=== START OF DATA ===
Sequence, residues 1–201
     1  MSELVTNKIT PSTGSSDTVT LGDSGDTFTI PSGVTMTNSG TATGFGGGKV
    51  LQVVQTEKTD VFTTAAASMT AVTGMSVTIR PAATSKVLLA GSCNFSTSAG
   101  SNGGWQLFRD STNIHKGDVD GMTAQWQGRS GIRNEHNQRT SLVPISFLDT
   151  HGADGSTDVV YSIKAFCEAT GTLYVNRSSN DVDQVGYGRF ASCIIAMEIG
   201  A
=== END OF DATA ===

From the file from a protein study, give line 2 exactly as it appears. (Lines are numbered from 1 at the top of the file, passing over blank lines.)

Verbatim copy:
     1  MSELVTNKIT PSTGSSDTVT LGDSGDTFTI PSGVTMTNSG TATGFGGGKV